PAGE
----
Former Secretary of Education Paige says that “The primary cause of the black-white achievement gap is that low-achieving students have been deprived of the educational essentials which support learning to high levels.” President Obama has recently announced changes to No Child Left Behind. According to Sam Dillion of The New York Times the proposed changes include “how schools are judged to be succeeding or failing, as well as for the elimination of the law’s 2014 deadline for bringing every American child to academic proficiency.”

Paige believes “Rather than continue the age-old controversy about the causes of the achievement gap and rather than continue to look outward and blame racism and discrimination, African-American leaders must look inward and move forward. My goal for ‘The Black-White Achievement Gap’ is to compel African-American leaders to work together and with educators to create a high level of school quality across America, and with service-oriented and faith-based organizations, corporations, policy makers and parents to implement [changes].”

Well, Hello 2010!

In Uncategorized on January 5, 2010 at 1:00 pm

2009 ended as it began: with many questions. Particularly at the national level, many wondered whether President Obama and his administration could turn the dire economic conditions around? Would there be a global victory against the war on terror? How can America regain its confidence in the future? What about the pending congressional elections? More questions…

At the state level, the Mississippi legislature convened today: where would these budget cuts come from? How can we make up for such a decline in revenue? What are the fates of the states three HBCUs, the fates of the Mississippi University for Women, and the state’s community college system? Even more questions…

Even in professional sports: would the Colts rest their starters even if they had the possibility of completing the regular season undefeated? What is going to happen to Gilbert Arenas and Javaris Crittenton? Do we really think Boise State could go undefeated again? And Tiger???

The start of a new decade and we still have unfinished business from the old one. My college strength training and conditioning coach would always tell me that all shots are not going to go in, but true character is measured with your will and determination to get in position and to get off the floor quicker than your opponent for that rebound. How will America rebound? How will Gilbert rebound? How will Mississippi rebound from its significant challenges?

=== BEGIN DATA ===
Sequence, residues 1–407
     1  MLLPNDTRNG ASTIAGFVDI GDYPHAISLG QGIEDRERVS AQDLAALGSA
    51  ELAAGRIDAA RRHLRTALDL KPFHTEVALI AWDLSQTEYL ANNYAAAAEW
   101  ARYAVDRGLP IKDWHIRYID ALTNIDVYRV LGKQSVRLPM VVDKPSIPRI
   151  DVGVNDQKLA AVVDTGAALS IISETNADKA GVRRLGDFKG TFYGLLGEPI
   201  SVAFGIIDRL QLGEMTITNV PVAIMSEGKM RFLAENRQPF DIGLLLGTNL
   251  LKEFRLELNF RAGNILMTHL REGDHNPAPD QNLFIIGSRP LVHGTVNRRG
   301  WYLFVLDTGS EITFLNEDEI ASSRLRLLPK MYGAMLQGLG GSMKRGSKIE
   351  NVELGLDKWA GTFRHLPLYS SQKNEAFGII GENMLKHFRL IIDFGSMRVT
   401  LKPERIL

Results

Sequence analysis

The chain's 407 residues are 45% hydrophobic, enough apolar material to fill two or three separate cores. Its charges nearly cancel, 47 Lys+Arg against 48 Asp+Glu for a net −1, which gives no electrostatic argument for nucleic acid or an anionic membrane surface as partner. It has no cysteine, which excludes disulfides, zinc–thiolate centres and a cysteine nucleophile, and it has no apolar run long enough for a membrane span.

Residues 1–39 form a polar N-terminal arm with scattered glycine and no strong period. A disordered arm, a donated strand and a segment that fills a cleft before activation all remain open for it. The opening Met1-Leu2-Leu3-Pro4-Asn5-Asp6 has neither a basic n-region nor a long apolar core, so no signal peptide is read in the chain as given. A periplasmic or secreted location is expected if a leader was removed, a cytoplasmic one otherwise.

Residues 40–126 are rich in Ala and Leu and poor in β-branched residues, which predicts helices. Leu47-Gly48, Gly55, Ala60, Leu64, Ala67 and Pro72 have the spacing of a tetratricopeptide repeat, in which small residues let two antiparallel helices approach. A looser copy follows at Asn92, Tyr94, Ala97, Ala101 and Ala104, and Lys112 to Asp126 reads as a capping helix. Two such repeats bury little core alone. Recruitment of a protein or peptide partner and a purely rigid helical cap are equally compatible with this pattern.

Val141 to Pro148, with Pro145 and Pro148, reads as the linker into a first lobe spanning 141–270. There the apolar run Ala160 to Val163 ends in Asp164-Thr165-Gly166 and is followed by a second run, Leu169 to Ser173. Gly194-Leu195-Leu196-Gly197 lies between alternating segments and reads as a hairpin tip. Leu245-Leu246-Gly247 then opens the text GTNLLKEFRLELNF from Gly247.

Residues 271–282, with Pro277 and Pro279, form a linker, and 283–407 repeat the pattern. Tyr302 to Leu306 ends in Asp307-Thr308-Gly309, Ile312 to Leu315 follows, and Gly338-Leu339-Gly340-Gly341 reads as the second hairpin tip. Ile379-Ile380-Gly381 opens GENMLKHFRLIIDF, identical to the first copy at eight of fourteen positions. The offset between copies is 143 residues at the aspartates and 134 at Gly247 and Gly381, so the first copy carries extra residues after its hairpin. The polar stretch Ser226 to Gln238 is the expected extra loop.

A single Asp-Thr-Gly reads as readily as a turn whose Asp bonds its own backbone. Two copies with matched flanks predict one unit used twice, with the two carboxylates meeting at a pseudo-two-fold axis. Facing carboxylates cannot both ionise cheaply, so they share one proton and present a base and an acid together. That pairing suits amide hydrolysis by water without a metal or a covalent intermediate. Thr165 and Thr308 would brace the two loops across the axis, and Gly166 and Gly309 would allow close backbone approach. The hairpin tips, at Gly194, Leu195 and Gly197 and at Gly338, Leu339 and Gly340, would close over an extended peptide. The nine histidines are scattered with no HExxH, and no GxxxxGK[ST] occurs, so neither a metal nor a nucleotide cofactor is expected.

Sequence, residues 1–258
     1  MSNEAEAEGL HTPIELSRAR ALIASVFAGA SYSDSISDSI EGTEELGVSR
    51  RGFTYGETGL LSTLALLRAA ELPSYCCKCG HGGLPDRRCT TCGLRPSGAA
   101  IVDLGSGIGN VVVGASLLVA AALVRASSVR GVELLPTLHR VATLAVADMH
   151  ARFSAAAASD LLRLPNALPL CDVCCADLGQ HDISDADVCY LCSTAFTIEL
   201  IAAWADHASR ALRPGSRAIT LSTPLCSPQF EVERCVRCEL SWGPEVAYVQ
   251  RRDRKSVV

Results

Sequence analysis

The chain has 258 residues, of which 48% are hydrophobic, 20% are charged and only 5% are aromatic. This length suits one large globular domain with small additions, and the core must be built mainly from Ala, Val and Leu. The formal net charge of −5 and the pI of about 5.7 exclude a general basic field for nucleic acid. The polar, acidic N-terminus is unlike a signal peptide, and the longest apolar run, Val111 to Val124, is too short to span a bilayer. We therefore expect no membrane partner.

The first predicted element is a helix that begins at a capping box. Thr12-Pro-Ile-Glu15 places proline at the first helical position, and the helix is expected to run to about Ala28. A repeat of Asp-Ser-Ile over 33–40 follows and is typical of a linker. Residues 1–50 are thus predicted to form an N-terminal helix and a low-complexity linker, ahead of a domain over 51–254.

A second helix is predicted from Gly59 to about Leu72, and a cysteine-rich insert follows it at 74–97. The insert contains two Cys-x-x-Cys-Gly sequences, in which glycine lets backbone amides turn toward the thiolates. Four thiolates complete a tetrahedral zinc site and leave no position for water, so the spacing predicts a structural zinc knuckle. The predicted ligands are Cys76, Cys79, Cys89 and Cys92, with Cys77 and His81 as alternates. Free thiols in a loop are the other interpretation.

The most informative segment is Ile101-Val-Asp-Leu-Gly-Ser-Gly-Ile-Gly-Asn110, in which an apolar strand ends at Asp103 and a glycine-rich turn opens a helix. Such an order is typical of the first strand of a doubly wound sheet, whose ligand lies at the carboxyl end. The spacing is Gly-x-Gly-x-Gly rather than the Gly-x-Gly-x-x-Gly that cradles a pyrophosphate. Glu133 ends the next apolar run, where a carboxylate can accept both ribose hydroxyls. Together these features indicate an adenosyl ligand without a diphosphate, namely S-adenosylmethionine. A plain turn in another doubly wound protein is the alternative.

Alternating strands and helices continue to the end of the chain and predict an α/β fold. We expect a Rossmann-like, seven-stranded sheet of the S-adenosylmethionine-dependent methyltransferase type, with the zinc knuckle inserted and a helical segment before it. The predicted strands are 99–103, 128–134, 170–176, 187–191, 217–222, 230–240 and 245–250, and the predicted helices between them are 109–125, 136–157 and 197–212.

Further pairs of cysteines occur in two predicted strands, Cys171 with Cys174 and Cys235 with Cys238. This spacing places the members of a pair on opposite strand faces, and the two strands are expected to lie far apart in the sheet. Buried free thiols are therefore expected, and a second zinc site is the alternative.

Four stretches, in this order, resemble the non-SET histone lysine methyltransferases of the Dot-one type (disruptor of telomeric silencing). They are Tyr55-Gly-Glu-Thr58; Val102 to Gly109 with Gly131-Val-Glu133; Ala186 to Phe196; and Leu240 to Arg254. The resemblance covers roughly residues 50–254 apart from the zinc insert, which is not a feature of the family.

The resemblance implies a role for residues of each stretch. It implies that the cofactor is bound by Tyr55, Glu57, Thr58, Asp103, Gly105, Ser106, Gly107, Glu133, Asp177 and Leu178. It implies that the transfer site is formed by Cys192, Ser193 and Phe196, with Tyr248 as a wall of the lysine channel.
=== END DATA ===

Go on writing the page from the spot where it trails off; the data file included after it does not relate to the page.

These challenges are daunting, but with these challenges come opportunities. Sometimes these opportunities are obvious, sometimes not so much. But just as my old coach said, character will be determined in the end.

“The $6 Billion Boycott”

In Uncategorized on December 11, 2009 at 10:28 am

Call it the $6 billion boycott,” according to the AP press release regarding the Congressional Black Caucus walkout. “By boycotting a key House committee vote last week and threatening to abandon support for banking regulations, members of the Congressional Black Caucus (CBC) got $4 billion added to a Wall Street regulation bill and $2 billion to a proposed House jobs bill in spending they sought for African-American communities.”

The CBC’s walkout demonstrated a few things, but most importantly, they were able to swing the pendulum of power. For Boyce Watkins, PhD “African Americans are learning a lot about politics in light of the election of President Barack Obama. After being marginalized from the process for 400 years, some of us are just now beginning to truly understand how American politics works.” Furthermore, many of the African American leaders are now demanding that President Obama “do more for minority communities hit the hardest by the recession.” For many of these communities, silence is deafening and political activity is just as silent, and the lawmakers, at least for a time, gave the silent a platform.